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Many Many Many Mentors

Updated: Jan 11, 2022

May is Mentor Month at SOS, and I don’t need a lot of prompting to start ruminating on a topic and how my own business and personal life have been touched by mentorship and its variants.

Just as people have different relationship styles in their personal lives, mentorship configurations abound. They are probably changing radically too, as the speed of life accelerates. The person who mentors you in your 20s (when you're first starting your career) may not be the same one who advises you about a move from corporate life to entrepreneurship or whether or not to scale your business.

Let’s think about love and marriage...

You may be a serial monogamist, poly, or a committed long-term relationship person. Or, you might switch from one style to another, based on your needs and stage.

Business relationships are similar (without the sex -- usually).

Each person who touches your life, brain, soul, and career has the potential to make you better. The best relationships are two-way streets, where each party evolves, learns, and grows.

When I think about my own mentors, many people come to mind…

  • Loren Smith, my supervisor at Citibank, who once growled at me (literally) in a meeting because I wasn’t setting aggressive goals for new checking accounts. He also promoted me to Chief of Staff when my younger daughter was 8 weeks old. He saw things in me that I didn’t even see in myself at that stage and pushed me to achieve more. I needed his visionary brand of tough love and business insights.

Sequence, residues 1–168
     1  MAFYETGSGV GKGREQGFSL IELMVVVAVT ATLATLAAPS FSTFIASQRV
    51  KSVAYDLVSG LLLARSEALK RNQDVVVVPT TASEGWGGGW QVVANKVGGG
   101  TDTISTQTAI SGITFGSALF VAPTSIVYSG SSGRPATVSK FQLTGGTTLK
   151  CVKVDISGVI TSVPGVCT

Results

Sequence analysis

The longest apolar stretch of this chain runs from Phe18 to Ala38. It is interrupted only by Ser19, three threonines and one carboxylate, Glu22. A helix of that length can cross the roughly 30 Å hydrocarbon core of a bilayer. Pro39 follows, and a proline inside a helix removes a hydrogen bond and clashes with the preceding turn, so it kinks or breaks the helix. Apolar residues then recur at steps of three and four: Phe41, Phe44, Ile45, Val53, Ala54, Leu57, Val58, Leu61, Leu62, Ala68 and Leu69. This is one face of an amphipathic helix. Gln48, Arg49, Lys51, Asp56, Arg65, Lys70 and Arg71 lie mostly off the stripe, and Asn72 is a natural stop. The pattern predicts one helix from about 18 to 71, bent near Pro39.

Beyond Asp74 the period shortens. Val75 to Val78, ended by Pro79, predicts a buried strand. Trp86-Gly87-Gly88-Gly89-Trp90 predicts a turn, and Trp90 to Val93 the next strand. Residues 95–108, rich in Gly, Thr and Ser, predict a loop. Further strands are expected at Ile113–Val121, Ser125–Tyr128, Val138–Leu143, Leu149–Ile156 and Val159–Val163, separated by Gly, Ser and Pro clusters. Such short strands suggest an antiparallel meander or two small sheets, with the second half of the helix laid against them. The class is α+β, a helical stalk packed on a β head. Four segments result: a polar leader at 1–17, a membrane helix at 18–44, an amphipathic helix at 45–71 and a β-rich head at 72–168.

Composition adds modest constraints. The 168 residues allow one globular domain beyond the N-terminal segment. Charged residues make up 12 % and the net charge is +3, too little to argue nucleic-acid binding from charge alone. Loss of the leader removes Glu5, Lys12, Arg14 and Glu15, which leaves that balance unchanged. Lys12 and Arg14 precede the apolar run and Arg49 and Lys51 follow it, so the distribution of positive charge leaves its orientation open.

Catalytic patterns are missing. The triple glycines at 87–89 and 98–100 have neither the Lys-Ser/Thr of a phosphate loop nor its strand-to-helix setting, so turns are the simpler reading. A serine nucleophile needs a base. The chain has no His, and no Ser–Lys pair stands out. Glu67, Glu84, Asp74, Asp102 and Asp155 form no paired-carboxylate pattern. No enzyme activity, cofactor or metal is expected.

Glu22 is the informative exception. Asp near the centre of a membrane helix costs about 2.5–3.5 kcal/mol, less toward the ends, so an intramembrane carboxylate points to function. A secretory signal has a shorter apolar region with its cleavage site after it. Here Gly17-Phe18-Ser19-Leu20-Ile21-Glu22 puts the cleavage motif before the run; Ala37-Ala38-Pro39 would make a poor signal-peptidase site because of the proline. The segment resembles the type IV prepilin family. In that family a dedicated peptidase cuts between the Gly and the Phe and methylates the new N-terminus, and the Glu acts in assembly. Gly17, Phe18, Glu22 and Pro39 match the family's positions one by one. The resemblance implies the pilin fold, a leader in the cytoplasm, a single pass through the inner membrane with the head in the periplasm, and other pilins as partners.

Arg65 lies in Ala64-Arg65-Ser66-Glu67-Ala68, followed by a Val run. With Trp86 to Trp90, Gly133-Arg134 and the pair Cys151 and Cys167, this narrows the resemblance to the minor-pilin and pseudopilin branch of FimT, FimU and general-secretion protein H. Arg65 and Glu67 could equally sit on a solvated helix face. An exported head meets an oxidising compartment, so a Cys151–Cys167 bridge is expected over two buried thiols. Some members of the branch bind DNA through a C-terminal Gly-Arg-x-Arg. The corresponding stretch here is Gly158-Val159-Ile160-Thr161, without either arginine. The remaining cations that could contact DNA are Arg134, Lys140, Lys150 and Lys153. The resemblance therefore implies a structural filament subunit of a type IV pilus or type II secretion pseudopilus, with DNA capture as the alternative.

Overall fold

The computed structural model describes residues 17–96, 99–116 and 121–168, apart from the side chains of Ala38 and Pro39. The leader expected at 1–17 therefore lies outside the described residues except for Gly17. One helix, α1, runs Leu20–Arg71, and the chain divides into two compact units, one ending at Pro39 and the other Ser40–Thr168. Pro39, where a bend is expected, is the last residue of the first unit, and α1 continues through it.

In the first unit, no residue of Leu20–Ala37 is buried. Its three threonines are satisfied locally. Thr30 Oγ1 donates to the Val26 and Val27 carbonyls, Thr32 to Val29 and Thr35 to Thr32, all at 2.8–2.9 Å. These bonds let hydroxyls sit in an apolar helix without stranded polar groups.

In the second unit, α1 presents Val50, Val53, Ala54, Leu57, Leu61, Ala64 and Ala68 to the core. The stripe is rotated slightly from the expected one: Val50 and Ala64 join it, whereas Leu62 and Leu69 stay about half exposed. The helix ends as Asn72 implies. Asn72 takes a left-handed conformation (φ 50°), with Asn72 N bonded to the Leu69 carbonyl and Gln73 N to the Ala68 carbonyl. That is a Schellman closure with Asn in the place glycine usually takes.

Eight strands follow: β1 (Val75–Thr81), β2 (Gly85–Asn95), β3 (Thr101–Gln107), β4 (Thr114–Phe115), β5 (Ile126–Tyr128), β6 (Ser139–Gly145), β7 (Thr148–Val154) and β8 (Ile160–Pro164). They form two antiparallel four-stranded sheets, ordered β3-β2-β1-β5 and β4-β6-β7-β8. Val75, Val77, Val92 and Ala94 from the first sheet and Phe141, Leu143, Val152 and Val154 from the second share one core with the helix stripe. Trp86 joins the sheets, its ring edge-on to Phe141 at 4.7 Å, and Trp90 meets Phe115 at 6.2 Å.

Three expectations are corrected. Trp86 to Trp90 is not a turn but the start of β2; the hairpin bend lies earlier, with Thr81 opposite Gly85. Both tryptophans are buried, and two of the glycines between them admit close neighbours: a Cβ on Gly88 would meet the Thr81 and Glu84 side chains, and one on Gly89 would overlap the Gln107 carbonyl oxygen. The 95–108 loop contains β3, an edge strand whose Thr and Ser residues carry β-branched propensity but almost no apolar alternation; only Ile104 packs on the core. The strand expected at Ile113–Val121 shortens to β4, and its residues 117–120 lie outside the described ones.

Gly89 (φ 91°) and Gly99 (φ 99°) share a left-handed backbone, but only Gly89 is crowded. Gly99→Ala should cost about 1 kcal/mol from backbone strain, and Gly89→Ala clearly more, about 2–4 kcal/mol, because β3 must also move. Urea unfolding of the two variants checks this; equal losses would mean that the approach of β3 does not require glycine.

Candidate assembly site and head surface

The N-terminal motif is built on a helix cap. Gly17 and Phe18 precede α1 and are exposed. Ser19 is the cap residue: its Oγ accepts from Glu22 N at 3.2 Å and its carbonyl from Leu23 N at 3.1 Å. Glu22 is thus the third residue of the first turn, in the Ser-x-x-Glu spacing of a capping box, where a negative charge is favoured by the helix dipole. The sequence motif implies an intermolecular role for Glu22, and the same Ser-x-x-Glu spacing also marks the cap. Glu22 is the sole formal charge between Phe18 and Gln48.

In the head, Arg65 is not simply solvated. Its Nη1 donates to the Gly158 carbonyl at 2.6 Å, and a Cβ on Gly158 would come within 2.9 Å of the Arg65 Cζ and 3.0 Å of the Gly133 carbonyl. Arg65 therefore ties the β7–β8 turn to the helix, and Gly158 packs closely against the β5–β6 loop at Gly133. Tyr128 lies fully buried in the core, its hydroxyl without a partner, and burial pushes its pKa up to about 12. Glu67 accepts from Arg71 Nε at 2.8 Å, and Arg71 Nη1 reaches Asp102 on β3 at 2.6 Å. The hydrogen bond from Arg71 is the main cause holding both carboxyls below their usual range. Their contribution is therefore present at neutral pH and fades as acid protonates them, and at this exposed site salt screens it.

• My long-time friend, colleague, and sometimes independent contractor Jim Desrosier has a totally different work style and perspective than my own, but he questions everything and prompts me to think bigger. He’s known me since I was 22 and provides a terrific point of view on my own growth -- and missteps.

  • My own daughter (the one mentioned above) is never afraid to call me out on my “stuff” and give me a life view from the eyes of a (very wise) 20-something. Sarah, my business wing woman (who is three decades younger than I am), also offers me unique perspectives and won’t hesitate to call BS when I need it.

Throughout the years, I’ve also had more formal mentor/mentee relationships, with coaches, supervisors, and others. The common thread is that they see things in me that I may not even see, open my ears and brain to new thinking, and enrich my life and work.

I’d like to think that I do the same for them.

So, when you think about mentors, you don’t necessarily need to limit yourself to one person more senior than you (in age or experience). Don't look just at gender or background. But you should:

  • Pick wisely. You don’t need a bobblehead. You need a person who will open your eyes and ears to new perspectives. Make the time for meetings and conversations.

  • Resist the urge to be defensive when pushed or questioned. After all, you’re looking to change and grow. If you’re looking for just a fan club, try Insta.

  • Be open to changing up or adding mentors as your own needs change and you get to new stages of your life and career.

  • Give as much as you get. Ask how you can help your mentor(s).

I can never answer the question, “Who was the best mentor you’ve ever had?” Each one made my life richer and helped me grow a thicker skin.

Don’t have a mentor yet? Just start with one and you may ultimately wind up with 100. And, if you choose wisely, each one will give you the gift of wisdom. That’s a whole lot of insight!

Many (or just a few) things to think about:

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